‘A moving return’: Muslims prepare together for 1st Ramadan after COVID-19 restrictions lifted


After two difficult years in which Ramadan celebrations were forced online or severely curtailed due to pandemic restrictions, Muslims in Canada are preparing for a return to the kind of holy month they have long cherished – a months which will mean a lot more this year now that they can be together again.

For the first time since the start of the pandemic, mosques are preparing to host prayers at full capacity now that most COVID-19 restrictions across the country have been lifted.

“I think this is going to be very emotional for a lot of people. You don’t feel what you’ve lost until you have it,” said Fouzan Khan, CEO of the Islamic Society of North America (ISNA ) – a mosque in Mississauga, west of Toronto.

“We can now pray again like we did, we can break our fast like we did, we can be with each other like we did…and not have to stay home and monitoring an internet connection,” Khan told CBC News. .

“We’ve crossed all kinds of boundaries and rightly so, but people are looking forward to having that normal sense of Ramadan.”

Ramadan, which is expected to begin on Saturday depending on the sighting of the new moon, will see Muslims around the world observe a period of daily fasting from dawn to dusk, with particular attention to prayer, inner reflection and acts of charity. In homes around the world, families and friends will gather to reflect, break their fast and celebrate with a shared meal known as iftar.

At the mosque, a iftar can be followed by hundreds or even thousands after a long day of fasting. Many will also join in voluntary evening prayers, known as tarawihheld only during the month of fasting.

But as parts of the country face a sixth wave of the pandemic, worshipers are encouraged to be careful and keep their masks on.

ISNA worshipers are encouraged to keep masks on amid a sixth wave of the COVID-19 pandemic. (Paul Smith/CBC)

Muslim medical group urges caution

The Canadian Muslim Task Force on COVID-19, which has developed a set of guidelines for a safe Ramada, said that over the past few years mosque officials have been conducting registrations for individual worshippers, it’s focusing this year on individual measures and small tweaks to tradition to keep worshipers safe.

When it comes to breaking the fast, for example, the working group encourages mosques to keep iftars outdoors, or to provide take-out boxes so individuals do not congregate in large numbers indoors without masks. Those who break the fast in others are encouraged to do so in consistent bubbles to reduce the possibility of viral spread.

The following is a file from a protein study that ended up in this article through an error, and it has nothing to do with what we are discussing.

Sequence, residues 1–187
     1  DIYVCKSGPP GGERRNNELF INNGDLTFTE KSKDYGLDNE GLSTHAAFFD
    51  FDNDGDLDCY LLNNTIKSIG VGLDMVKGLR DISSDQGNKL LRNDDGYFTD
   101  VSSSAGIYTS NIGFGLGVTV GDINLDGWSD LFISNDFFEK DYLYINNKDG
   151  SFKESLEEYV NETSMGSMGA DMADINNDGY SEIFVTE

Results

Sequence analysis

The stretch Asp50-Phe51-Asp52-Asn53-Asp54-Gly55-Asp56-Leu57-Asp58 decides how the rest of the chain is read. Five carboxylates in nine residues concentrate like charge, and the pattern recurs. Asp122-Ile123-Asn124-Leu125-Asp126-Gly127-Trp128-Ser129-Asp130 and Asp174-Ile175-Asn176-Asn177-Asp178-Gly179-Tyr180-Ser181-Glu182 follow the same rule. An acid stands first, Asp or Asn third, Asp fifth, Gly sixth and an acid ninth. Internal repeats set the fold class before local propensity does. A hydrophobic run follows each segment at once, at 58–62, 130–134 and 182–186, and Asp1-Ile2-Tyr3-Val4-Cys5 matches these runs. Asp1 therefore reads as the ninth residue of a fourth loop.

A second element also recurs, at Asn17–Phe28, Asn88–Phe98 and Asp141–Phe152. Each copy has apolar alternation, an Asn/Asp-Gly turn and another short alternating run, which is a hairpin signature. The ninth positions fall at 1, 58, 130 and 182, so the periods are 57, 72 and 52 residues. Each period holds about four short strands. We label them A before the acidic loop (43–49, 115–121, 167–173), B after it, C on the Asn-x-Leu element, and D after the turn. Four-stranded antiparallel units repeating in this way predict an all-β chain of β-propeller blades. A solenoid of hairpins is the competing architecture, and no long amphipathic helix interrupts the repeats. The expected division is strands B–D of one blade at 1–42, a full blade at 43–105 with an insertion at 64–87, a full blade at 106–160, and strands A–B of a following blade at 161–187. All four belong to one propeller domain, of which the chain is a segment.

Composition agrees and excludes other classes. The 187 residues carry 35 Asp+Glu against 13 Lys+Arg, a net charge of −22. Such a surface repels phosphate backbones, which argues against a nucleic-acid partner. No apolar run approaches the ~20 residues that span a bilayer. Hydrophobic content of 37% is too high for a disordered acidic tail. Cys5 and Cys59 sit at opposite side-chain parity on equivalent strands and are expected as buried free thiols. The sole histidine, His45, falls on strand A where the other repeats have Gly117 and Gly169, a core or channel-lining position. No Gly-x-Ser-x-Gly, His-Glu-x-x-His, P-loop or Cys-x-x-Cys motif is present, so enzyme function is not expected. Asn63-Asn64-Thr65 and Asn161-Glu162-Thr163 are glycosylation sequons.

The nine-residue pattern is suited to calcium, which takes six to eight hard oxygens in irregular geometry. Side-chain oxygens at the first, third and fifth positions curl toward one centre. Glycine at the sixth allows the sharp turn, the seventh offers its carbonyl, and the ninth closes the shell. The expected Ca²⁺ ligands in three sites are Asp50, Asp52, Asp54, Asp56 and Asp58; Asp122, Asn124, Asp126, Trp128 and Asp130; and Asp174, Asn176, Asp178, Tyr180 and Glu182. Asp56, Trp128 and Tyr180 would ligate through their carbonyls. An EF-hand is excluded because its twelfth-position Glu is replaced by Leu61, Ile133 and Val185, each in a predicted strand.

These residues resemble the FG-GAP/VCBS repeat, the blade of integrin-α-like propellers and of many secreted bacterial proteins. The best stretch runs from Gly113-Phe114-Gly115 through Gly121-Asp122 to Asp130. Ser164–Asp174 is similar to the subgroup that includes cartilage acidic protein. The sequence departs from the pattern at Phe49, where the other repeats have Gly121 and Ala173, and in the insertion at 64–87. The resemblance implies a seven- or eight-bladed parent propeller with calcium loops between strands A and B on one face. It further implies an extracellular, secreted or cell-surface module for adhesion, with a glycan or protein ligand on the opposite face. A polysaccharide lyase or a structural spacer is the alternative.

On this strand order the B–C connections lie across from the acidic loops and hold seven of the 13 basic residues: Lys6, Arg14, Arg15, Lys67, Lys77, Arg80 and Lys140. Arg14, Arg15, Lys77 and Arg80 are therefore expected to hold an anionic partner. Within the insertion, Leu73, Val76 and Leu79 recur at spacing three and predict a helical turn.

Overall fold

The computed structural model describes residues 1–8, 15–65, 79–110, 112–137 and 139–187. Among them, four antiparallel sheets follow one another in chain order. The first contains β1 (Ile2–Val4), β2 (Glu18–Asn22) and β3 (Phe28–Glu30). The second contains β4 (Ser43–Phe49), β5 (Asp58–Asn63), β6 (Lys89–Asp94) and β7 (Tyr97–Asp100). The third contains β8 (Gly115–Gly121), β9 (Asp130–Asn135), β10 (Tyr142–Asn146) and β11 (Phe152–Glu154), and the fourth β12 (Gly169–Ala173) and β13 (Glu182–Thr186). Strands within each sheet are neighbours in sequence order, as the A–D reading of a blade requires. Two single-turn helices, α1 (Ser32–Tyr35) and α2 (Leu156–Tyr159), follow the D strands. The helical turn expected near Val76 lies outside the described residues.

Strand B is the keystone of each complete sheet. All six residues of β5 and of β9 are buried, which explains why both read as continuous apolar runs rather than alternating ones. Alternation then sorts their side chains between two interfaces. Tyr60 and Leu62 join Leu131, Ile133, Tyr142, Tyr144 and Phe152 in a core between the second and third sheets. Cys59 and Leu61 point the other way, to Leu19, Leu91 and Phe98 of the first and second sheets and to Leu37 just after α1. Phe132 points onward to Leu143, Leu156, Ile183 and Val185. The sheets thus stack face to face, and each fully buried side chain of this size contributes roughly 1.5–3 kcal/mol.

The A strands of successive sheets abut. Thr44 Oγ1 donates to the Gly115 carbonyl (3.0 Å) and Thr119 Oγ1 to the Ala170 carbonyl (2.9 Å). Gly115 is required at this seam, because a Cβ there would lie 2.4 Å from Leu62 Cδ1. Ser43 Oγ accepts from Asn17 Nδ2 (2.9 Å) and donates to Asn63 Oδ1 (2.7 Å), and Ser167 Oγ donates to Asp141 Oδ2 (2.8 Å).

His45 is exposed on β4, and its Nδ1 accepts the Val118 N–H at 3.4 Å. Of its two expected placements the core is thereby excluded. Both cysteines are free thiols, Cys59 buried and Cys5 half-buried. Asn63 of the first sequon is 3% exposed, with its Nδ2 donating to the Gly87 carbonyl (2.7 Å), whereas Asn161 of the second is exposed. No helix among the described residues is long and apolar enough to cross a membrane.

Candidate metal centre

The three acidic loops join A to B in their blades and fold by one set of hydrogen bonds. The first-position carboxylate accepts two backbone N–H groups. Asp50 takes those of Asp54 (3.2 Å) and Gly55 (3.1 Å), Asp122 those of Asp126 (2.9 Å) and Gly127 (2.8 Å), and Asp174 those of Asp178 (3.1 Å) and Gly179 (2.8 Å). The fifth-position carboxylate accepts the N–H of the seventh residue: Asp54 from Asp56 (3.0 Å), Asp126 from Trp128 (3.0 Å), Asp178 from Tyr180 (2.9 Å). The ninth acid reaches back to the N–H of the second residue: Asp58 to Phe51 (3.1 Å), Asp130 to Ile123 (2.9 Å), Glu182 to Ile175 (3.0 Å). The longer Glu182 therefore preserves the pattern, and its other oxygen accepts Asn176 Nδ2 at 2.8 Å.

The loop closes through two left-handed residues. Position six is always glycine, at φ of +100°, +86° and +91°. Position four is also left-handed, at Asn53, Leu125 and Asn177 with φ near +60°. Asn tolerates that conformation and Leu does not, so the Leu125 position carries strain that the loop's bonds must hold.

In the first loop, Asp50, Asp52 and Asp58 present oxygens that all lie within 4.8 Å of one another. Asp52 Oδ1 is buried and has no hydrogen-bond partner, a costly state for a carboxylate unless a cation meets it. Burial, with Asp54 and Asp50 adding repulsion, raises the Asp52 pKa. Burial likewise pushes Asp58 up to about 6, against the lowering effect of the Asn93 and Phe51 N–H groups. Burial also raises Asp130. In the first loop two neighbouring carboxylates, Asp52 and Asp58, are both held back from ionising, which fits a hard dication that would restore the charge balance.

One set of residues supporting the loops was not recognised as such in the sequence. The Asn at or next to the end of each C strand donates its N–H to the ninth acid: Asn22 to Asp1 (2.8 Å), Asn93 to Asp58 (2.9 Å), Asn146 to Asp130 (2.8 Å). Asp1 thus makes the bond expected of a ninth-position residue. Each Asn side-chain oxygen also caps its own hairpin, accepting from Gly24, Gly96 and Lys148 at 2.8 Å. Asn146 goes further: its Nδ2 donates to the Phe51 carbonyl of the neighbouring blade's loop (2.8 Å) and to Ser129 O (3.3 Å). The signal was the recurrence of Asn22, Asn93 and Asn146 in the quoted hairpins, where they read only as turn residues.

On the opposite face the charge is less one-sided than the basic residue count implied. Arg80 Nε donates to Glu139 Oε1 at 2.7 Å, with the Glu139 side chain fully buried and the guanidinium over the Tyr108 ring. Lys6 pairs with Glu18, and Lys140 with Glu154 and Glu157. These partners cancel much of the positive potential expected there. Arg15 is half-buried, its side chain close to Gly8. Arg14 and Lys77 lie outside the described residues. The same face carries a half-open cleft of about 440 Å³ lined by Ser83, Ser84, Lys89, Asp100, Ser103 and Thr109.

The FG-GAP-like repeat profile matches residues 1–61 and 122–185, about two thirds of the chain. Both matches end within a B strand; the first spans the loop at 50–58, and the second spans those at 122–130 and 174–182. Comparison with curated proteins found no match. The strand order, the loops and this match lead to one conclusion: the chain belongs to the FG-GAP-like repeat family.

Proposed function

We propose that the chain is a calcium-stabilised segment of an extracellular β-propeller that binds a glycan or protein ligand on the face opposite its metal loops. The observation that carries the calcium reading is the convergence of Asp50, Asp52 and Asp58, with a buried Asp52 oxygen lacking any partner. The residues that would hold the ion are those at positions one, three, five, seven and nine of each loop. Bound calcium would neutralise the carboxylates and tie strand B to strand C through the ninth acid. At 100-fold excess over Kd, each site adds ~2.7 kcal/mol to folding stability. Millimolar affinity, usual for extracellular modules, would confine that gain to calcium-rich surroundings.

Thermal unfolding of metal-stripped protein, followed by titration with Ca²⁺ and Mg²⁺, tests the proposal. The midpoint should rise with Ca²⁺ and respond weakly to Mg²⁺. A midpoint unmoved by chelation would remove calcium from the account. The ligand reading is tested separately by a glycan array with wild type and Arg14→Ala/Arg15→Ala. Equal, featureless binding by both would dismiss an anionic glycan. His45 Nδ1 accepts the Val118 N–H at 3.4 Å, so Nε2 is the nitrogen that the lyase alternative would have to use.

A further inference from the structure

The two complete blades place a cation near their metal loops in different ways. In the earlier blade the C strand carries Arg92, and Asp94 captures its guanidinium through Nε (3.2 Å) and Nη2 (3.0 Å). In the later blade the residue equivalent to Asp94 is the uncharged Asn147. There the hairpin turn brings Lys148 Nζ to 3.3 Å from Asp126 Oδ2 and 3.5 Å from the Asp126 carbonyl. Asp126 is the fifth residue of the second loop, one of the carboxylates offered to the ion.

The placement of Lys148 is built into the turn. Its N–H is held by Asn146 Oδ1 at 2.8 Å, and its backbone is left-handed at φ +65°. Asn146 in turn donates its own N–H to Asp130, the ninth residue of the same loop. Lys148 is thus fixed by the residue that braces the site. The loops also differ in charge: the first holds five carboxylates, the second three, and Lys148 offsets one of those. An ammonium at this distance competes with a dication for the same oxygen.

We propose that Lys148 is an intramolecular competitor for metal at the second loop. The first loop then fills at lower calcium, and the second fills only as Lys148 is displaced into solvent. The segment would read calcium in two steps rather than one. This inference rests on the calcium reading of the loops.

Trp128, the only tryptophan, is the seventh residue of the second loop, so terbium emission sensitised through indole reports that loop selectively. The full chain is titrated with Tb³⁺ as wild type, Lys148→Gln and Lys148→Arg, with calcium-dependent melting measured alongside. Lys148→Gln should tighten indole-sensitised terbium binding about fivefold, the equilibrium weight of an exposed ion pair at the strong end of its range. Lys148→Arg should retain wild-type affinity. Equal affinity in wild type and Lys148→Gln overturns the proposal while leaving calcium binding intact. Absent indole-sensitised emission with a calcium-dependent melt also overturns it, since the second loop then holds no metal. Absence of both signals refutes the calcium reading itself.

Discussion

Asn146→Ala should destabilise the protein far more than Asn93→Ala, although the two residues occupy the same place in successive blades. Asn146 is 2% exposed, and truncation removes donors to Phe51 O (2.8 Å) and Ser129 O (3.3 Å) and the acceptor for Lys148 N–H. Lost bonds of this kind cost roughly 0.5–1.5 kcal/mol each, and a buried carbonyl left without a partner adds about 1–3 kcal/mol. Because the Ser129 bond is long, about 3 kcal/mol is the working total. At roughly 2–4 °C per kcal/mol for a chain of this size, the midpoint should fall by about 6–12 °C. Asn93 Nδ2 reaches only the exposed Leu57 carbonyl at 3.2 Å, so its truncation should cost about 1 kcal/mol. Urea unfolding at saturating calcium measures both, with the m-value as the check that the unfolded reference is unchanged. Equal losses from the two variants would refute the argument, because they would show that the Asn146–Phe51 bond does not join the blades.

Dr. Mohammad Hashim Khan, a pulmonologist in Toronto, is co-chair of the Canadian Muslim Task Force on COVID-19, which has developed a set of guidelines for a safe Ramadan. (Radio Canada)

The task force is also encouraging the use of rapid tests and for anyone who may not yet have a full series of vaccines to take their third dose. Neither affects a person’s fast, says Dr. Mohammad Hashim Khan, co-chair of the task force and a pulmonologist in Toronto.

“We just have to make sure that we are vigilant and smart, so that we don’t waste all the hard work that has been done over the last two years and that we are not going to get sick and that we can benefit from it from the month of Ramadan and worship as much as we want,” he said.

“And hopefully we can make the most of the month.”

give back

During a month when giving back is extra important, the pressures of the pandemic mean that food drives, such as those led by groups like Unity in Community, are all the more vital.

Launched in 2015, the organization collects thousands of pounds of food every year to deliver to those in need.

“The pandemic has affected a lot,” said Fasih Syed, an organizer with the group. “Every day we get calls from people for groceries and we supply them.”

Nisa Homes, a charity that supports women and children experiencing domestic violence, poverty or homelessness, or those seeking asylum, will host charity iftar in several cities where individuals can offer donations while gathering to break their fast.

At the Lebanon Garden restaurant in downtown Toronto, the lifting of restrictions in time for Ramadan is a relief in many ways – for the health of the business and the needs of the community.

“We expect a large crowd to come to break their fast and certainly a lot more parties in people’s homes and in mosques,” said Mona Ahmed, the restaurant manager. “So that will keep us busy and keep us on our toes. »

For Mona Ahmed of the Lebanon Garden restaurant, the lifting of restrictions in time for Ramadan was a relief in many ways. (Paul Smith/CBC)

But with the restrictions lifted, there’s something else she’s looking forward to even more.

“I expect to visit mosques a lot more with my kids… and to really reconnect with people I’ve been estranged from for the past couple of years,” Ahmed said.

Returning to ISNA, which had occasionally been the site of a vaccination clinic during the pandemic, Fouzan Khan says returning to the mosque for prayer and congregation this year will be very special.

“I think it’s a very emotional comeback.”